World’s Best Preview: Inside the Raiders

Bill Huber

Something will have to give.

Oakland Raiders quarterback Derek Carr leads the NFL with a completion rate of 73.3 percent. That mark is far ahead of his lifetime mark of 63.4 percent.

The Green Bay Packers will be tasked with stopping Carr on Sunday at Lambeau Field. Green Bay’s defense is fifth in the NFL with an opponent completion percentage of 57.9.

“It’s scheme, it’s him having a real good understanding of what they do and having a real good understanding of defenses,” Packers defensive coordinator Mike Pettine said. “He knows exactly where to go with it.”

With Carr playing efficiently, the Raiders are 3-2 – a vast improvement over the past two seasons, when the Raiders went 10-21 in Carr’s 31 starts.

“Carr is a good player. He’s a really good player. We just weren’t very good,” Raiders coach Jon Gruden said of last year’s 4-12 season. “We’re putting our team together, we’re building our team. We weren’t very good on defense last year. I think we only started seven drives on the plus side of the 50 all year. We’re getting better on defense. We’re playing better on the offensive line, we’re running the ball better and Derek’s playing better. I think Derek’s going to be a great player no matter who coaches him. Like anybody else, sometimes a supporting cast and the way you play defense is a factor. We have to continue to build our team around our quarterback and if we can do that I think he’ll be one of the top guys in the league.”

The supporting cast is evident with the first-round pick used on running back Josh Jacobs and two key moves to the offensive line. Gruden and general manager Mike Mayock bolstered the front wall by signing mammoth right tackle Trent Brown to the richest contract for an offensive lineman in NFL history and adding 36-year-old left guard Richie Incognito. Combined with Gruden’s scheme and better protection, Carr is spending more time on his feet. Last year, Carr was sacked 51 times. Through five games this season, Carr’s been sacked eight times – a pace for 26.

And that leads into a second key in which something will have to give. While Oakland has done a tremendous job of protecting Carr, Green Bay has done a tremendous job of putting the quarterback on his butt.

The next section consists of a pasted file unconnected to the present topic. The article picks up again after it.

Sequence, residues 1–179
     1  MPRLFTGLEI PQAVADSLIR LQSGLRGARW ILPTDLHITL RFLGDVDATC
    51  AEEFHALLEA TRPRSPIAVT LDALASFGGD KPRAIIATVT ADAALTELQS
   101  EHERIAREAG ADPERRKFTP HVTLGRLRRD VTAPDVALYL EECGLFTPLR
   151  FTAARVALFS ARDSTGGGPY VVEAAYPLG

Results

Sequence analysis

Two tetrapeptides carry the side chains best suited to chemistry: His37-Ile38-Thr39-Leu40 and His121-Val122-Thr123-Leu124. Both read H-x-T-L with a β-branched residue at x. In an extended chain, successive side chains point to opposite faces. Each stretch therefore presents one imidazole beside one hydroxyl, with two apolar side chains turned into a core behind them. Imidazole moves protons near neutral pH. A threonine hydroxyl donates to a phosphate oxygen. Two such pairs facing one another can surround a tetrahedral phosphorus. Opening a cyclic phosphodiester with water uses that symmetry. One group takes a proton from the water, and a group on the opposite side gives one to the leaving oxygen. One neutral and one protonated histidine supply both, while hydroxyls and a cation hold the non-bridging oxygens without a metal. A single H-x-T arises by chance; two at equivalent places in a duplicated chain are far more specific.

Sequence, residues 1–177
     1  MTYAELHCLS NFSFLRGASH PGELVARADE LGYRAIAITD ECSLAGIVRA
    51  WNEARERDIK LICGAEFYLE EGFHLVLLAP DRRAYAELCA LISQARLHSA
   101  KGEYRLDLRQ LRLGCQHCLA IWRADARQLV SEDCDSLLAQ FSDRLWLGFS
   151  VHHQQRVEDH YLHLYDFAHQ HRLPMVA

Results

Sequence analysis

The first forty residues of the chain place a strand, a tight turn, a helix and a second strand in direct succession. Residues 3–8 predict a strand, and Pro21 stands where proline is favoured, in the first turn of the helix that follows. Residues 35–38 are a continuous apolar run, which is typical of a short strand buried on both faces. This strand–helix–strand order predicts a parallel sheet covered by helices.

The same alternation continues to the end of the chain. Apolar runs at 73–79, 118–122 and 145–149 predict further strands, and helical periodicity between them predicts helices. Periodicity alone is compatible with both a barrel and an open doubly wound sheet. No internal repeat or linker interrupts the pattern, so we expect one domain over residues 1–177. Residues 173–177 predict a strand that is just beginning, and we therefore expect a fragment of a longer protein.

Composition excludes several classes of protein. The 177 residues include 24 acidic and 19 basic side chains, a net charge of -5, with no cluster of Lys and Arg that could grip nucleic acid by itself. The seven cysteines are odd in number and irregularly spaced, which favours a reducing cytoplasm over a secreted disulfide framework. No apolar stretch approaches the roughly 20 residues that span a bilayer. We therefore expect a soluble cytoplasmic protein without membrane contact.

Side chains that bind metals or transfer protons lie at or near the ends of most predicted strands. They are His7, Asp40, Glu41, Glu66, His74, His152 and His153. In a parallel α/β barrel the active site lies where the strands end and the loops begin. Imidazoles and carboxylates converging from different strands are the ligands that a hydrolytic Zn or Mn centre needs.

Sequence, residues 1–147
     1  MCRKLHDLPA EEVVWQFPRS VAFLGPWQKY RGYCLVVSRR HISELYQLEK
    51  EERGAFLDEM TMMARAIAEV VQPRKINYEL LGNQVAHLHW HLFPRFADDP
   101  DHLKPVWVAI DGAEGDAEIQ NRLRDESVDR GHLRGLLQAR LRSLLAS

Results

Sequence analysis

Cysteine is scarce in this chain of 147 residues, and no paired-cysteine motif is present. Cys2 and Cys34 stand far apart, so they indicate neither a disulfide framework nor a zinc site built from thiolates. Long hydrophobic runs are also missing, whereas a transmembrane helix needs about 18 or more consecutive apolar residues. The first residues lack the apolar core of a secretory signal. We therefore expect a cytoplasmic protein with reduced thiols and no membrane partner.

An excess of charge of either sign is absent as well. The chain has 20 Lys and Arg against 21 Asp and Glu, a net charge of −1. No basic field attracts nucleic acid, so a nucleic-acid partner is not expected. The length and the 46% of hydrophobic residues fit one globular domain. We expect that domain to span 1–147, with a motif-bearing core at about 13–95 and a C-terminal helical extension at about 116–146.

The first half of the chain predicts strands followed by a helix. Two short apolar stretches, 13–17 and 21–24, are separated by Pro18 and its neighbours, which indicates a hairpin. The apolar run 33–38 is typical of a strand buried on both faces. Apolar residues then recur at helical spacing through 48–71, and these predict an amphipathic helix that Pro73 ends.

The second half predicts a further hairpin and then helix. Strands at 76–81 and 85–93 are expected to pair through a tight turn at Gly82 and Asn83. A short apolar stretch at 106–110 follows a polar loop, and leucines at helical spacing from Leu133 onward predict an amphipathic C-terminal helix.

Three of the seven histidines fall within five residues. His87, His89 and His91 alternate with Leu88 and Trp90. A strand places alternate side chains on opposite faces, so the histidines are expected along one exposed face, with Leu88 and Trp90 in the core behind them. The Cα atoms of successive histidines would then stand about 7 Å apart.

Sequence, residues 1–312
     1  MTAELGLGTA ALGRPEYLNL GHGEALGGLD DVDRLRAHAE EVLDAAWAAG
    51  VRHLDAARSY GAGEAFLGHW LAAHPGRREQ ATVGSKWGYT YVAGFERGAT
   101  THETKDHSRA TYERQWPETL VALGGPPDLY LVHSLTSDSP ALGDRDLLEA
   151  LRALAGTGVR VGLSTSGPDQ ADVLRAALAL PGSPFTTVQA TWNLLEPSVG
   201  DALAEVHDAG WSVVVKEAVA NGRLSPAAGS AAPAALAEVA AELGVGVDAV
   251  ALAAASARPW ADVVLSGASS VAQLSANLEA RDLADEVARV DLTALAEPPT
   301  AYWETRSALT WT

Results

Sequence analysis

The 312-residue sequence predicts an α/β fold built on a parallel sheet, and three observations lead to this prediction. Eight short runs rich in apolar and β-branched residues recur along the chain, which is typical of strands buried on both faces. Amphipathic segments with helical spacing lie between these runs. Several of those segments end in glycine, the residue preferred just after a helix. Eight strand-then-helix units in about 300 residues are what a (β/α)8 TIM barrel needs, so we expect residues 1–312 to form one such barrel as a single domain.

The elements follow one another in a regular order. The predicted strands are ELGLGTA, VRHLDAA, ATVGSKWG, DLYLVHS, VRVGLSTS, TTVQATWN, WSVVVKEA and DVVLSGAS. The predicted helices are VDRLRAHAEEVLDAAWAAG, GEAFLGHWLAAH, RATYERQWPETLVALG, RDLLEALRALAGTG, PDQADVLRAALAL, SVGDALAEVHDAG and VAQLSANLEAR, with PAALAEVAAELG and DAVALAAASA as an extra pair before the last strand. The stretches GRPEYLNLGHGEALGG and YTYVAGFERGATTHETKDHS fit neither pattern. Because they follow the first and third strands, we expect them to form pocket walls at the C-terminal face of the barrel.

“They made a concerted effort not to get him hit, which is obviously I think what most offenses want to do,” Pettine said. “You can tell that’s really important to them. Our guys know that, and we just have to fight that frustration, so we don’t start chasing it. Hey, if it’s going to happen, it’s going to happen. Sometimes, things are out of our control. We still want to have an effect on him and have ways to move him off a spot and get off his first read, and then hopefully we’ll get some hands in throwing lanes and things like that. But just staying patient and keep getting pluses on the grade sheet and not getting worried about it.”

Short at receiver: Carr’s success is remarkable given the lack of firepower at receiver. It’s not that the Raiders didn’t try to upgrade. They acquired prolific but high-maintenance receiver Antonio Brown from Pittsburgh. But Brown melted down, and the Raiders dumped him on New England. Thus, Oakland might have the worst receiver corps in the NFL. All the receivers on the roster have combined for 37 catches – as many as tight end Darren Waller. Making matters worse, their leader at receiver, Tyrell Williams, will be inactive with a foot injury. He’s scored in each of his four games this season.

So, this will be the Raiders’ receiver corps: pint-sized rookie Hunter Renfrow (12 catches for 101 yards), former Packers returner Trevor Davis (four catches for 42 yards), practice-squad call-up Keelan Doss (three receptions for 25 yards), kick returner Dwayne Harris (one catch for 7 yards) and Zay Jones, whom the Raiders acquired in a trade on Oct. 7. He caught 7-of-18 passes in five games for Buffalo.

Nonetheless, Carr has gotten by with a dink-and-dunk approach centered on tight end Darren Waller. Waller has 37 receptions for 359 yards. A receiver at Georgia Tech, he was on Baltimore’s practice squad for most of last season.